Synchrotron light source in the high-energy hard X-ray region is an indispensable probe for DAC based materials characterizations. Such hard X-ray available in almost all synchrotron facilities worldwide enables in situ diffraction measurements on micron-sized materials under extreme P-T conditions with unparalleled accuracy for the elucidation of crystalline structures. For SnO2 nanomaterials, the angle dispersive X-ray diffraction measurements were carried out at the X17C beamline at the National Synchrotron Light Source (NSLS) at Brookhaven National Laboratory (BNL). A high-energy, fixed-exit monochromator with Sagittelly-bent double Si crystal Laue mode was used to optimize the high-energy synchrotron X-ray from 20 keV to 40 keV, with an incident X-ray wavelength of 0.4066 Å. A pair of Kirkpatrick-Baez (KB) mirrors consisting of Si crystals coated with Pt and a focal length of 100 mm was used to focus the white X-ray beam at a glancing angle of approximately 1 mrad. This focused a 180 μm×180 μm incident beam to a 25 μm (horizontal) × 25 μm (vertical) beam on the sample. A MAR CCD X-ray detector was used to collect the 2D Debye-Scherrer patterns. The gonioemeter geometry and other diffraction parameters were calibrated using CeO2 standard diffraction. Each diffraction pattern was obtained during an average exposure time of 5 to 10 minutes. The two-dimensional Debye-Scherrer patterns were converted to one-dimensional diffraction patterns using Fit2D software and Rietveld refinements were performed using GSAS package.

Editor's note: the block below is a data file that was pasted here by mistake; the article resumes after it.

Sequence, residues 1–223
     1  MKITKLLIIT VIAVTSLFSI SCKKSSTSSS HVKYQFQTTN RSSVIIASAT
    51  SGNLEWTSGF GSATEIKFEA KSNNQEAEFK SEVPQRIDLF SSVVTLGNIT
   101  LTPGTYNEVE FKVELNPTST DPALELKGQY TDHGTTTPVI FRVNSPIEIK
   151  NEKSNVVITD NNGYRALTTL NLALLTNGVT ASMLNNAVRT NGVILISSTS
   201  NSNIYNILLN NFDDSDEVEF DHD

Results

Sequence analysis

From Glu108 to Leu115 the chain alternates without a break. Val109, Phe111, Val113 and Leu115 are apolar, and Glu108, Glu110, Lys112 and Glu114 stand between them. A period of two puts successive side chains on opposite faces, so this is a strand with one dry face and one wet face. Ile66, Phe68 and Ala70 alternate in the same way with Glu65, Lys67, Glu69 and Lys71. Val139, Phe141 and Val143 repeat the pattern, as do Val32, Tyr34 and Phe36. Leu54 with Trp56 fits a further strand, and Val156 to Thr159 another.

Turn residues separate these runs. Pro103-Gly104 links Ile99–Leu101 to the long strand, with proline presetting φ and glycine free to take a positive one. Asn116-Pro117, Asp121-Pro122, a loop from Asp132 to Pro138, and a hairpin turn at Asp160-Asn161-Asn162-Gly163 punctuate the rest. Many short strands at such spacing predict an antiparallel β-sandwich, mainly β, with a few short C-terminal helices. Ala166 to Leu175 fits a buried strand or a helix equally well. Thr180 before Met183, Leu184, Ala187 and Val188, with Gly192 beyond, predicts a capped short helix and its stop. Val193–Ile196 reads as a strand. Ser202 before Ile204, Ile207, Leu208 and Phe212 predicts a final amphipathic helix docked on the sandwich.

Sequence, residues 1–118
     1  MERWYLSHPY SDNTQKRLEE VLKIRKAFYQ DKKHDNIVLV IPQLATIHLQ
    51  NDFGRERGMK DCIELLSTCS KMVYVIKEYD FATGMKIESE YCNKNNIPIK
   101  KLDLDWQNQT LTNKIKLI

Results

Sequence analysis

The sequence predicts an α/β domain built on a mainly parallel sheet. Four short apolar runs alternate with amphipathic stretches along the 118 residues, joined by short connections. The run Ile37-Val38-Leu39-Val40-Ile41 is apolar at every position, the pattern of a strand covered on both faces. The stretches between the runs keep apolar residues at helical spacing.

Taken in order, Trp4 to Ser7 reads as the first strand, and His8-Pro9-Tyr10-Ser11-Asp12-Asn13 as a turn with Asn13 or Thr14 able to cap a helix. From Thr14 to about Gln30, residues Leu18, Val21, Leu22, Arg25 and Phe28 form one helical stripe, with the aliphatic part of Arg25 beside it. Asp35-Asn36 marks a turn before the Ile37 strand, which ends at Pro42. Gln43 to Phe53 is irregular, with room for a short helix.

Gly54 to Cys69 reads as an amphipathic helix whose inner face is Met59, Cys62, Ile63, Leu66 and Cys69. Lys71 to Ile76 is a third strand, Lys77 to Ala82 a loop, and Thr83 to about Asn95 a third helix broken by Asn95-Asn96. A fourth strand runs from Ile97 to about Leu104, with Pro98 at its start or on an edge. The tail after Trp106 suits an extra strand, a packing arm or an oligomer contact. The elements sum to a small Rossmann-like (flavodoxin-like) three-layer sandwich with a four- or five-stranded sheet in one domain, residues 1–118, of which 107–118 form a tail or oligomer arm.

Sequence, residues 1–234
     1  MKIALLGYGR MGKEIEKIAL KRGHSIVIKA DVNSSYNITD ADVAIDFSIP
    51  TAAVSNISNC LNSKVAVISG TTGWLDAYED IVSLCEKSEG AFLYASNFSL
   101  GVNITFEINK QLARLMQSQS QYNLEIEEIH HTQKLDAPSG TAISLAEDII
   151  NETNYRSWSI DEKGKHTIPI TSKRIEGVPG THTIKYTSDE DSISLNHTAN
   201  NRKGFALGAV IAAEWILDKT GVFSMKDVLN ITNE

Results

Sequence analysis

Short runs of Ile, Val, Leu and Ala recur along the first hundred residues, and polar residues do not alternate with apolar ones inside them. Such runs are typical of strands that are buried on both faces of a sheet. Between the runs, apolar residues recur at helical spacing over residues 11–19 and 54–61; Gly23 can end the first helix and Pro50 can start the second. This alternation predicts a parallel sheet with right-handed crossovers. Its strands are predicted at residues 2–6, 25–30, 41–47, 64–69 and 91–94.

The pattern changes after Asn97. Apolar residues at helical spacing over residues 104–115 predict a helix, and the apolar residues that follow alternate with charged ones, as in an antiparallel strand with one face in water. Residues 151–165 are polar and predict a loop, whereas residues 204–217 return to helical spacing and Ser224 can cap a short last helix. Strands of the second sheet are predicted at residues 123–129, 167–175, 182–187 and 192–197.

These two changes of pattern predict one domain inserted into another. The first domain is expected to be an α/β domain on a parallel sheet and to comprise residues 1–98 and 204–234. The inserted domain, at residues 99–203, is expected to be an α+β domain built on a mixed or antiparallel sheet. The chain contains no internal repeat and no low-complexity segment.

The angle-dispersive X-ray diffraction measurements on GaN nanowires were performed at the undulator sector 16-ID-B, High-Pressure Collaborative Access Team (HPCAT), Advanced Photon Source (APS) of Argonne National Laboratory (ANL) using an incident wavelength of 0.3680 Å and beam size of 15 μm×10 μm. The procedures of data analysis for GaN nanowires are similar to those for SnO2 nanomaterials.